If you’ve been shopping for riding gear, you may have come across products marketed as rated AA or AAA. You will usually find them in boots, jackets, and other riding apparel. While it pays to know that someone is rating these products, you may have wondered whether the extra ‘A’ is worth the buck. 


What are CE Ratings? 

These ratings are due to European technical standards. According to European Union (EU) regulations, all products manufactured and sold in Europe are required to have a CE (conformité européenne) marking. This means that a particular product complies with the relevant EU legislation.  


What does this have to do with motorcycle apparel?  

On April 2018, the EU passed a law that requires all motorcycle-related gear to be certified as Personal Protective Equipment (PPE). This means that on top of the CE marking, riding gear such as jeans and jackets should undergo tests that will determine the level of protection they provide for the wearer.  

All the rules have been compiled under the standard called EN 17092. Under said law, all motorcycle apparel should be tested for the following: 

  • Dimensional stability. 
  • Impact energy absorption. 
  • Seam strength and structural closures. 
  • Impact abrasion resistance. 
  • Tear strength. 

Through a variety of impact and abrasion tests, the evaluator will be able to rank garments into either of the five classes, ‘AAA,’ ‘AA,’ ‘A,’ ‘B’ and ‘C,’ with AAA offering the highest levels of protection and C the lowest.  



What does each motorcycle gear CE Rating mean? 

Let’s break down each CE Rating, from C up to AAA to see what the differences are and why pricing and levels of protection vary from one to the next. 

Class C 

The C rating is given to the least protective kinds of clothing, such as casual shirts and underwear. Some of them, technically called ‘protection containers,’ are meant to hold a separate impact protector, such as an inner mesh suit. These products can resist impact but not abrasion.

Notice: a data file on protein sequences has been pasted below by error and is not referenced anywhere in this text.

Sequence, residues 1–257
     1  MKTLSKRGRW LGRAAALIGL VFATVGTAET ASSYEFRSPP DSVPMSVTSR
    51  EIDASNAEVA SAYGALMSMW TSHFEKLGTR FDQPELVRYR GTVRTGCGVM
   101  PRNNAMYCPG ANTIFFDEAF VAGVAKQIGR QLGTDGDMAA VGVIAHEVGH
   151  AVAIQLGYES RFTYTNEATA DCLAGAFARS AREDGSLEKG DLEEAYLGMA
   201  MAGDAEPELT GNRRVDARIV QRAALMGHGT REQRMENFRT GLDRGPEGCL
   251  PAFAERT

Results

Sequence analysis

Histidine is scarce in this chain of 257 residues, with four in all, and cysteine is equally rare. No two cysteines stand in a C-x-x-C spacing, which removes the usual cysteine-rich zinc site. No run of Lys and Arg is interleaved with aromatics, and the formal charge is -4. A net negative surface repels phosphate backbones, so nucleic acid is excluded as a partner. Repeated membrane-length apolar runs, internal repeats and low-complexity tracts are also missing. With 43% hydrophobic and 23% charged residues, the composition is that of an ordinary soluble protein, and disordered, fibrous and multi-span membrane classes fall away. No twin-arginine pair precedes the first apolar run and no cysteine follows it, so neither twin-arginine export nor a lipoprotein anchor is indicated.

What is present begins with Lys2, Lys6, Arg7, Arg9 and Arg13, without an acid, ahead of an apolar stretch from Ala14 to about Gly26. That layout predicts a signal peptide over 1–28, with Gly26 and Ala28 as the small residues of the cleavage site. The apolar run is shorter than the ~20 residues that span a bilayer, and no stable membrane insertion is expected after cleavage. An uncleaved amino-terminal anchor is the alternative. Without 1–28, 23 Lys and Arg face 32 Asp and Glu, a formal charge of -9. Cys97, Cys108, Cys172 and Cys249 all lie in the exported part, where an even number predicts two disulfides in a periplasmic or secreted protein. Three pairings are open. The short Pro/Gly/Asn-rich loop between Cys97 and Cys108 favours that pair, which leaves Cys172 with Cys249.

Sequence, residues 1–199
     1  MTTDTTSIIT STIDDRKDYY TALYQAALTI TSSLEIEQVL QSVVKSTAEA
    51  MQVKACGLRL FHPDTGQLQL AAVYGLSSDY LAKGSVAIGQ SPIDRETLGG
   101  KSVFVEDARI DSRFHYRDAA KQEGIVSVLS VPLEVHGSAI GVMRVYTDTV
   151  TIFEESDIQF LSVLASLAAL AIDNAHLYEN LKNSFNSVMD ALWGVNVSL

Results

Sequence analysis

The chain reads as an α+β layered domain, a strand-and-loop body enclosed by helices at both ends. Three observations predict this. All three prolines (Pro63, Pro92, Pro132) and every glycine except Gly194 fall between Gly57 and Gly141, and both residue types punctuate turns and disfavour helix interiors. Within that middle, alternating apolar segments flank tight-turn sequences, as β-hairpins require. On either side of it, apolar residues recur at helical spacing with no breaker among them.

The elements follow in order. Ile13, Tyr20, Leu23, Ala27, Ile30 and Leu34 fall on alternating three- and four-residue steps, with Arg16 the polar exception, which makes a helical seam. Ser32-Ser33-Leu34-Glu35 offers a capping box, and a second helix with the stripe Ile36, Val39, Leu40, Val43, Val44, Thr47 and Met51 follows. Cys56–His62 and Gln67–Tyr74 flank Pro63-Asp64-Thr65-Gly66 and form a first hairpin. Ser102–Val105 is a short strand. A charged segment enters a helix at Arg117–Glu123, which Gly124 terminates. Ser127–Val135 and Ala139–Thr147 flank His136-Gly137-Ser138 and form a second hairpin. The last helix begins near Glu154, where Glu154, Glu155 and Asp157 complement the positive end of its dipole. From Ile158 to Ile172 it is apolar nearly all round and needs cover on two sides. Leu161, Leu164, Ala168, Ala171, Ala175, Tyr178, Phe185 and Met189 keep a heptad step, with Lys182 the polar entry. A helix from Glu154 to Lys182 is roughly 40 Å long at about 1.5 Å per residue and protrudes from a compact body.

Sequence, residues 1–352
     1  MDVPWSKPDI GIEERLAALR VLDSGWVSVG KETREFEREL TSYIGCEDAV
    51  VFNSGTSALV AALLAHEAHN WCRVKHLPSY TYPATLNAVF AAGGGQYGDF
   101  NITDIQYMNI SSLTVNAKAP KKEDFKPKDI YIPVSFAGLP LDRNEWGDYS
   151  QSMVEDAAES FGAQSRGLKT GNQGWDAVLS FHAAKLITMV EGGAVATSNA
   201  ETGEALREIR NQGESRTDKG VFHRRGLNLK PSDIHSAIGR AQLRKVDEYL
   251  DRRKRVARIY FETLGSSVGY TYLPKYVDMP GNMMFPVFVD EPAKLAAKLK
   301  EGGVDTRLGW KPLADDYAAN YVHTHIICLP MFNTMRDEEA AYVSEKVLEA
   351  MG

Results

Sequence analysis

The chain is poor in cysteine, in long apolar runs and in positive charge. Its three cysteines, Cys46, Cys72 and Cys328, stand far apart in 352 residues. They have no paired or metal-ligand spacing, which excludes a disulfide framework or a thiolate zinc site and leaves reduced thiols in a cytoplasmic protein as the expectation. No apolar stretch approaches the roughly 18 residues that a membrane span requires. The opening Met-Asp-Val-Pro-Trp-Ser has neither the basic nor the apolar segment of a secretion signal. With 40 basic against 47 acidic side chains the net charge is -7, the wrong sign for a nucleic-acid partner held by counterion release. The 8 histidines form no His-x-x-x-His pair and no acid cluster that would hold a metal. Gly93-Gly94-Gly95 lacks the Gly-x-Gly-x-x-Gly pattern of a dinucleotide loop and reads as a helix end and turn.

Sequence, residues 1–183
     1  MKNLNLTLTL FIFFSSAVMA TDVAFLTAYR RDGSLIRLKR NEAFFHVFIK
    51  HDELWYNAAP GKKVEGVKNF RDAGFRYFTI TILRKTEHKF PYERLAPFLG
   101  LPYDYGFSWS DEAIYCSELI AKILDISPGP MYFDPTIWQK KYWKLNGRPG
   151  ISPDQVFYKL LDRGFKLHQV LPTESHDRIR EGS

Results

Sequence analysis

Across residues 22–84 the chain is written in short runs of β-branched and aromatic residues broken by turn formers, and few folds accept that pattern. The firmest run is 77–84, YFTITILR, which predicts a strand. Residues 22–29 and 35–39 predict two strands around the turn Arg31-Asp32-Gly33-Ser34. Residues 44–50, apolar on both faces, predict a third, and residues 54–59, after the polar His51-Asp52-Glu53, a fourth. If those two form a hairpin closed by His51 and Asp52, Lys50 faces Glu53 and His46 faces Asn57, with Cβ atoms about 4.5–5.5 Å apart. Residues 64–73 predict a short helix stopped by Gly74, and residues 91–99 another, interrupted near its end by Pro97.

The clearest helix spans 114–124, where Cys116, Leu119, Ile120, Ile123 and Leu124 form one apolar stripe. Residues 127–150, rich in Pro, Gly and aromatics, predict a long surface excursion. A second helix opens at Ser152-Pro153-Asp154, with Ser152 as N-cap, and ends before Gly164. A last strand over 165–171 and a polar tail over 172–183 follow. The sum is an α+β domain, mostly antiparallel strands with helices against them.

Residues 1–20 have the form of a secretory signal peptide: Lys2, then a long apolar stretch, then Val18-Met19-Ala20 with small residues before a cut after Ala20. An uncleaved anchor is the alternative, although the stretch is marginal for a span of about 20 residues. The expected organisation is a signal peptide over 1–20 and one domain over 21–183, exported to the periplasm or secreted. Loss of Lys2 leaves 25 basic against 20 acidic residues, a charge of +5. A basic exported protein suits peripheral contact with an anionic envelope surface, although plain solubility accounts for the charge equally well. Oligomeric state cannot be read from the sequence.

Class B 

Unlike C products, B-rated products can protect against abrasion. While these products do not offer protection from impact, adding separate impact protectors on top can give the rider A-level protection. In fact, some manufacturers deliberately sell B-rated products separately so that the consumer can choose to mix and match their own impact protectors. 

Class A 

Considered as light-duty protective garments, A-rated motorcycle products are often lighter and better suited to everyday wear and warmer weather than AA or AAA items. Hip protection is optional for garments to acquire the A-rating, but some do offer it in the form of extra padding. 

Class AA 

AA-rated gear offers a higher level of protection while still being sufficiently comfortable for most riders. It is considered the sweet spot for most touring gear. 

Class AAA 

Finally, the AAA rating is given to garments that score the highest in all five criteria. However, they are heavier and are made with less flexible materials. The EN 17092 regulation requires all AAA-class garments to have elbow, shoulder, knee, and hip impact protectors.  



Finding the balance between protection and comfort 

Many manufacturers are constantly looking for ways to improve the protective level of their products without neglecting rider comfort.  

For example, Oxford’s new AAA-rated jeans are made with breathable materials, keeping rider comfort in mind. They are also single-layered instead of lined, which means that they are a lot more comfortable to wear on a muggy day of riding. Oxford integrated Armourlite — a kind of polyamide fibre developed by the military for parachute cords — into the denim products, giving you the most protection if ever you find yourself on the asphalt.  


Does this mean that protection-conscious riders must only wear AAA-rated clothing? 

Not necessarily. While the ratings may give the customer some confidence in what they are buying, the CE ratings do not necessarily mean a product will fit your needs.  

At the end of the day, it depends on your personal preference and the type of riding you do… if you’re a commuter, you might want something lighter with less protection. If you’re an intrepid tourer, you’ll want a balance of comfort and protection. If you’re especially safety-conscious or you like to push the envelope at the occasional track day, you’ll want the highest rating you can afford. 

Whatever spins your wheels, it is good to bear these ratings in mind. More importantly, it pays to have some assurance that these products will help protect you when you need them. But as always, remember that when you buy gear you are buying protection, not additional talent.  

Ride safe and keep it rubber side down!  

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